National Land Commission wades into cement firm's land dispute
| Aug 3rd 2015 | 2 min read
The National Land Commission (NLC) has stepped in to resolve a long running land dispute between the East African Portland Cement Company (EAPCC) and a dozen groups in Athi River, Nairobi.
Last week, NLC Chairman Muhammad Swazuri toured the disputed 1,300-acre land in Athi River.
Swazuri directed members of Aimi A Lukenya self-help group that also claims ownership of the land to submit all title deeds for the controversial land to the commission’s offices in Nairobi with immediate effect.
The chairman of the group, Julius Mutua, told the commission that the piece of land belonged to their members who he explained acquired it from the late Daglas Haroud in 1930. “This land was handed over to our fathers, who are already dead. We will fight for it to the end,” Mutua said, showing a title deed.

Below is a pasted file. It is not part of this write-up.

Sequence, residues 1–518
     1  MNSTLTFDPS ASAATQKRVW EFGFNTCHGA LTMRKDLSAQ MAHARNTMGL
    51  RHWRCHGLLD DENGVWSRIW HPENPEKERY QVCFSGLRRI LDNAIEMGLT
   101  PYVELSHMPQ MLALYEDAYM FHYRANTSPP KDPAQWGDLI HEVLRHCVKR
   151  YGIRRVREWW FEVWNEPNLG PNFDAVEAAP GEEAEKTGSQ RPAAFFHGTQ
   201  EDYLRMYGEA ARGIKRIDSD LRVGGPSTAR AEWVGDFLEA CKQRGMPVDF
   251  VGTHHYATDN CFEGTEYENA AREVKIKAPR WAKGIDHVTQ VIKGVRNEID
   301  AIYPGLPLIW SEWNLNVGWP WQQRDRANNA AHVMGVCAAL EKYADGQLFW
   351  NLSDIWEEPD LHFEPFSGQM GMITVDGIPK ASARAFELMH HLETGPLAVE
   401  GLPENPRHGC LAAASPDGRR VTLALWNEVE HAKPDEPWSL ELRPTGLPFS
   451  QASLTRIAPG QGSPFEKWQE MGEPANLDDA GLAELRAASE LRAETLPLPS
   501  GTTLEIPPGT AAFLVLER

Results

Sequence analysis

EAPCC advertised the sale of the 1,300 acre land on September 2010, triggering emergence of questionable groups that have been collecting funds from prospective buyers.
Records shown to The Standard indicate that about 12 local companies and Saccos are warming up to buy the EAPCC land. But EAPCC Managing Director Kephar Tande said all the EAPCC land is under caveat emptor and nobody can sell or buy it.
“Those who have acquired the land illegally should prepare to be thrown out. Nobody has been mandated to sell any of the EAPCC land and those buying land in the name of EAPCC should prepare to face the consequences,” said Tande.
He explained that the only 163 acres of EAPCC land was sold to a local developer, Superior Homes, in September 2005 and that any other persons or entities purporting to own any of the land risk losing them.
Swazuri ordered that all other groups who wish to purchase land said to belong to the company to forward their application letters to his office for verification.
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